AP (Oct. 23, 2014) A scandal involving bogus classes and inflated grades at the University of North Carolina was bigger than previously reported, a new investigation found. (Oct. 23) Video provided by AP
Powered by NewsLook.com
Working Mother Getaway: Beaches Turks & Caicos

Working Mother Getaway: Beaches Turks & Caicos

Working Mother (Oct. 22, 2014) Feast your eyes on this gorgeous family-friendly resort. Video provided by Working Mother
Powered by NewsLook.com
What Your Favorite Color Says About You

What Your Favorite Color Says About You

Buzz60 (Oct. 22, 2014) We all have one color we love to wear, and believe it or not, your color preference may reveal some of your character traits. In celebration of National Color Day, Krystin Goodwin (@kyrstingoodwin) highlights what your favorite colors may say about you. Video provided by Buzz60
Powered by NewsLook.com
First-Of-Its-Kind Treatment Gives Man Ability To Walk Again

First-Of-Its-Kind Treatment Gives Man Ability To Walk Again

Newsy (Oct. 21, 2014) A medical team has for the first time given a man the ability to walk again after transplanting cells from his brain onto his severed spinal cord. Video provided by Newsy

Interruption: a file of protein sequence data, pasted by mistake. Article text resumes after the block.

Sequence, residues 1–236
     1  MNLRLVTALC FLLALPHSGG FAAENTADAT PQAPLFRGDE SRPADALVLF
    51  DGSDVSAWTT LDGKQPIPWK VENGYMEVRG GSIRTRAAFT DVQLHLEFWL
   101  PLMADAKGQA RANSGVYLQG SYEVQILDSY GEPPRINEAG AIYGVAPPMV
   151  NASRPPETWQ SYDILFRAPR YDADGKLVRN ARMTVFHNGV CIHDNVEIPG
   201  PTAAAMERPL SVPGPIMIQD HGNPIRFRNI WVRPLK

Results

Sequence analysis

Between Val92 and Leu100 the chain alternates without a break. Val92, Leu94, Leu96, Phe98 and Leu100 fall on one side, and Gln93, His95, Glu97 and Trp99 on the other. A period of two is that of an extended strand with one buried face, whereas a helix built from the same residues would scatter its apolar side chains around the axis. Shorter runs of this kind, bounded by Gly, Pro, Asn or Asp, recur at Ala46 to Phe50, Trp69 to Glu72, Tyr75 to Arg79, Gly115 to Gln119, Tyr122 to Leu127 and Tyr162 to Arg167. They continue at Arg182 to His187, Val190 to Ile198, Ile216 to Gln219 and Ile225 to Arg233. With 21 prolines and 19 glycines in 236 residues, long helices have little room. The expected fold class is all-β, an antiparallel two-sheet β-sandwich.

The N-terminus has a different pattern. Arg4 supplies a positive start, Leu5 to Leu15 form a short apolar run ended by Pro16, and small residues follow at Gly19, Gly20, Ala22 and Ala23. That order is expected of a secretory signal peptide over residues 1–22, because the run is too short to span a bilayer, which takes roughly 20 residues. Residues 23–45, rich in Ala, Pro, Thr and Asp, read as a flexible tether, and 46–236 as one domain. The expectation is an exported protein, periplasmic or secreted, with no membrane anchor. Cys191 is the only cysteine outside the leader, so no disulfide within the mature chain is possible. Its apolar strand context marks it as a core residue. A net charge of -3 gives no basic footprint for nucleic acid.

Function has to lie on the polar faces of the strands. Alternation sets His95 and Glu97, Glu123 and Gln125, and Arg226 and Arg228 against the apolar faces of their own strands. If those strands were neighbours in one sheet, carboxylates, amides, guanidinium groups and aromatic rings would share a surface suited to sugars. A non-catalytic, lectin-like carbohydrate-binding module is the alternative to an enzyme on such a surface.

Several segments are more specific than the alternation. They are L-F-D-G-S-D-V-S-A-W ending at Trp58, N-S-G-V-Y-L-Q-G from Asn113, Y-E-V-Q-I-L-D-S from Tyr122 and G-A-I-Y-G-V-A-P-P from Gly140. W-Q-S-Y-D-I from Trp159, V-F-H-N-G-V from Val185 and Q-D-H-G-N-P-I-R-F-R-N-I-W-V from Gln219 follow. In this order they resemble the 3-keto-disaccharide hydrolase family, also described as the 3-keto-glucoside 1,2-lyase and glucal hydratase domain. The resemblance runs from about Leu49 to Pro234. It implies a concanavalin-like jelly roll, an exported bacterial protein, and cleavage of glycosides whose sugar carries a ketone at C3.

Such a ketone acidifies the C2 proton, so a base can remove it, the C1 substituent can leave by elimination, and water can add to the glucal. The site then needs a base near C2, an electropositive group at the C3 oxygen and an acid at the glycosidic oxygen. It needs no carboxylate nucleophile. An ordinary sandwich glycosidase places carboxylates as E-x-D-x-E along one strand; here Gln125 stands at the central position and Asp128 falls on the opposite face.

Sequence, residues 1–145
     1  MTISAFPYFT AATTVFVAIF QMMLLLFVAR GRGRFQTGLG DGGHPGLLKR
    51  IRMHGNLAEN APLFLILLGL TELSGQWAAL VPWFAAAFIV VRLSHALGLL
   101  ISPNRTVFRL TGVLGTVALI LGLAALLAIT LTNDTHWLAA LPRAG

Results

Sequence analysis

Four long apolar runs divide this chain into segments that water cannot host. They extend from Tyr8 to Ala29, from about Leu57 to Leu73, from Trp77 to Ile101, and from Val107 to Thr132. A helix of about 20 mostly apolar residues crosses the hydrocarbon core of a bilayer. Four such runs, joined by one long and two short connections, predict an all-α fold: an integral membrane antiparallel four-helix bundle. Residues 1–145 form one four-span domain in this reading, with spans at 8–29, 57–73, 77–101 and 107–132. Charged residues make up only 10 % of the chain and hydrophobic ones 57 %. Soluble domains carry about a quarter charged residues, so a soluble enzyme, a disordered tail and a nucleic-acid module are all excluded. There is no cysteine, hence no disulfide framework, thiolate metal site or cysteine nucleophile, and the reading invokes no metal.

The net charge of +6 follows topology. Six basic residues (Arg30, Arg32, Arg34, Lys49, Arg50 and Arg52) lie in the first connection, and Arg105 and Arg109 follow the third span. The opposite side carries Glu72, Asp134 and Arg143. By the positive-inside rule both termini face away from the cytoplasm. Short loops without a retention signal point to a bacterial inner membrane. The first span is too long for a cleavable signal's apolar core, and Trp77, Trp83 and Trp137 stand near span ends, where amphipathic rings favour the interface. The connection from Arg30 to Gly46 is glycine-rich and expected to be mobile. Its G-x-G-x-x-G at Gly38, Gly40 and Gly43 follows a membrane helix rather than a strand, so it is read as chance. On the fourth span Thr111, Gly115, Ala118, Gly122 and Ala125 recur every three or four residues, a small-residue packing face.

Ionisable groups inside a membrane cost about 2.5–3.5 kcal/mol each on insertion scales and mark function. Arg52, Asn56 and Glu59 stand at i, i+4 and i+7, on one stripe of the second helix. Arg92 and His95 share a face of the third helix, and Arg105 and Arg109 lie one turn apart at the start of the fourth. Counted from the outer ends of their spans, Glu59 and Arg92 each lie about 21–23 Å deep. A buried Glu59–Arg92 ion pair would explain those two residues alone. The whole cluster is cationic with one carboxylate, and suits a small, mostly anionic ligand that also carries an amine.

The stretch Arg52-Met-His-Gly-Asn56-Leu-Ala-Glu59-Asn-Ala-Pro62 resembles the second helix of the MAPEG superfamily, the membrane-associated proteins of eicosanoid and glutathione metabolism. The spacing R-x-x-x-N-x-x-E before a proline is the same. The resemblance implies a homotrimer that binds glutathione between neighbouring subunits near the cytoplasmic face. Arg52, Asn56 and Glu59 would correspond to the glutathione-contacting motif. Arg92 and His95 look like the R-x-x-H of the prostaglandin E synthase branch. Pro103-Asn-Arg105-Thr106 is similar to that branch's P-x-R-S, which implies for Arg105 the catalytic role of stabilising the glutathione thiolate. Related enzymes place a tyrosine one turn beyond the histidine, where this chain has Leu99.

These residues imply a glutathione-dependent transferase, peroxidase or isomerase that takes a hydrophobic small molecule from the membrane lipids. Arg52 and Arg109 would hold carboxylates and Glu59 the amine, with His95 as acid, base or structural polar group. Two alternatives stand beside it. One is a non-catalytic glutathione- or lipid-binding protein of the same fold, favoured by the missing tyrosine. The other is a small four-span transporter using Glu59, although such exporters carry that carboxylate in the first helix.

Powered by NewsLook.com

Search ScienceDaily

Number of stories in archives: 140,361

Find with keyword(s):
Enter a keyword or phrase to search ScienceDaily for related topics and research stories.

Save/Print:
Share:

Breaking News:

Strange & Offbeat Stories


Health & Medicine

Mind & Brain

Living & Well

In Other News

... from NewsDaily.com

Science News

Health News

Environment News

Technology News



Save/Print:
Share:

Free Subscriptions


Get the latest science news with ScienceDaily's free email newsletters, updated daily and weekly. Or view hourly updated newsfeeds in your RSS reader:

Get Social & Mobile


Keep up to date with the latest news from ScienceDaily via social networks and mobile apps:

Have Feedback?


Tell us what you think of ScienceDaily -- we welcome both positive and negative comments. Have any problems using the site? Questions?
Mobile: iPhone Android Web
Follow: Facebook Twitter Google+
Subscribe: RSS Feeds Email Newsletters
Latest Headlines Health & Medicine Mind & Brain Space & Time Matter & Energy Computers & Math Plants & Animals Earth & Climate Fossils & Ruins